OSHA News Release - (Archived) Table of Contents|
National News Release USDL 03-33
January 23, 2003
Contact: Frank Meilinger
Phone: (202) 693-1999
WASHINGTON -- With temperatures across the country at or near record lows, OSHA is reminding workers and employers to take necessary precautions. Workers in construction, commercial fishing, maritime and agriculture are among those who need to take precautions.
Prolonged exposure to freezing or cold temperatures can result in serious health problems such as trench foot, frostbite and hypothermia. In extreme cases, including cold water immersion, exposure can result in death. Danger signs include uncontrolled shivering, slurred speech, clumsy movements, fatigue and confused behavior. If these signs are observed, call for emergency help.
OSHA's Cold Stress Card provides a quick reference guide and recommendations. Available in English and Spanish, this laminated fold-up card is free to employers, workers and the public. Among the tips:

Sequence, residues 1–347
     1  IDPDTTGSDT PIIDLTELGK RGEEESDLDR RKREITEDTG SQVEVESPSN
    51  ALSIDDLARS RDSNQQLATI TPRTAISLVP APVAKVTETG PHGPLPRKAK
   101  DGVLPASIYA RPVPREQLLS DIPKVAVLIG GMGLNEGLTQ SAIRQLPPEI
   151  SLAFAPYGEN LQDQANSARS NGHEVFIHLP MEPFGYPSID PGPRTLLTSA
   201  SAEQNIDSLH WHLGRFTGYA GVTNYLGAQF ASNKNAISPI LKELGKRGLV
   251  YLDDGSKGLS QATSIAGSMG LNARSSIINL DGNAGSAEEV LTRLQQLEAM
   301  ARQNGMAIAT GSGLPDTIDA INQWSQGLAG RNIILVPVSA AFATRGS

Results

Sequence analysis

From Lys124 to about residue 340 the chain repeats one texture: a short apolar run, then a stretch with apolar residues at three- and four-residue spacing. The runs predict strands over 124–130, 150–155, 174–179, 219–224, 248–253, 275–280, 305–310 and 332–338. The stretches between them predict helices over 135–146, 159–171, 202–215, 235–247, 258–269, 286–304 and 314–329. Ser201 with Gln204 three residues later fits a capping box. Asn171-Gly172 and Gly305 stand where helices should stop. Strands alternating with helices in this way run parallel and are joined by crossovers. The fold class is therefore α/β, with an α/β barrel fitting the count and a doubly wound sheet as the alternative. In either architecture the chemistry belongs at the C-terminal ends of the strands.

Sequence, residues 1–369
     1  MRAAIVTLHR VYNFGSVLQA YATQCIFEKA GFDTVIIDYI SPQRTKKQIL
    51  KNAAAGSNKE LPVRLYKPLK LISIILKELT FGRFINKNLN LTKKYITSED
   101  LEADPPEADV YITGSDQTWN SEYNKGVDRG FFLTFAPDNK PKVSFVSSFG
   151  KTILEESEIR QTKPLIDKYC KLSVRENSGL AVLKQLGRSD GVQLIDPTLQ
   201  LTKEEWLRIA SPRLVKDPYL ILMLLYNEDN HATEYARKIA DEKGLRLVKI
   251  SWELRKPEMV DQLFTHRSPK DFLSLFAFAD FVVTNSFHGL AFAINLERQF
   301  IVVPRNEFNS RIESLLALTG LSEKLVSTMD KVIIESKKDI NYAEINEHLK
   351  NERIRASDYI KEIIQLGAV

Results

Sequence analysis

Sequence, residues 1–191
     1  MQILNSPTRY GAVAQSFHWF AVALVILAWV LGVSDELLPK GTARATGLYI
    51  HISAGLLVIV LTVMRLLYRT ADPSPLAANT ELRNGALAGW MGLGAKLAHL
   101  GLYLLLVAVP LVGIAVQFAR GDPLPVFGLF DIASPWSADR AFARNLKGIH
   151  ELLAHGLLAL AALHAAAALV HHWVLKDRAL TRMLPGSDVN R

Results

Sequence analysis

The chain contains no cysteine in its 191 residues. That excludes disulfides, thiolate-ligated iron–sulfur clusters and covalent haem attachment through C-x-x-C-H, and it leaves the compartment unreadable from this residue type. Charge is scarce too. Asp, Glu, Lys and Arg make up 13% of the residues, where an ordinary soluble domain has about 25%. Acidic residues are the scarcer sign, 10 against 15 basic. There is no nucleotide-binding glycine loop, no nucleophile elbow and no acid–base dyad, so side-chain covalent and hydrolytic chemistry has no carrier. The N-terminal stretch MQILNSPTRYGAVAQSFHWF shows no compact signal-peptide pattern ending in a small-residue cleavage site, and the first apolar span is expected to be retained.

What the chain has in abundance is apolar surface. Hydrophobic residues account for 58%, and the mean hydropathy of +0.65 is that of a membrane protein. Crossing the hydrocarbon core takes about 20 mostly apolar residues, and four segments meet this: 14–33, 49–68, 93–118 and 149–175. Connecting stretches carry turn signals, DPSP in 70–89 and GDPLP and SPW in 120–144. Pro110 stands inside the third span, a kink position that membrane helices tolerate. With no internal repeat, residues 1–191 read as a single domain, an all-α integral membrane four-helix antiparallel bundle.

How to Protect Workers
- Recognize environmental and workplace conditions that can be dangerous.
- Learn the signs and symptoms of cold-induced illnesses/injuries and what to do to help workers.
- Train workers about cold-induced illnesses and injuries.
- Encourage workers to wear proper clothing for cold, wet and windy conditions including layers so they can adjust to changing conditions.
- Be sure that workers take frequent short breaks in warm dry shelters to allow the body to warm up.
- Try to schedule work for the warmest part of the day.
- Avoid exhaustion or fatigue because energy is needed to keep muscles warm.
- Use the buddy system -- work in pairs so that one worker can recognize danger signs.
- Drink warm, sweet beverages (sugar water, sports-type drinks) and avoid drinks with caffeine (coffee, tea, sodas or hot chocolate) or alcohol.
- Eat warm, high-calorie foods such as hot pasta dishes.
- Remember, workers face increased risks when they take certain medications, are in poor physical condition or suffer from illnesses such as diabetes, hypertension or cardiovascular disease.
OSHA is dedicated to saving lives, preventing injuries and illnesses, and protecting America's workers. Safety and health add value to business, the workplace and life.
This news release text is on the Internet at http://www.osha.gov. Information on this release will be made available to sensory impaired individuals upon request. Voice phone: (202) 693-1999.
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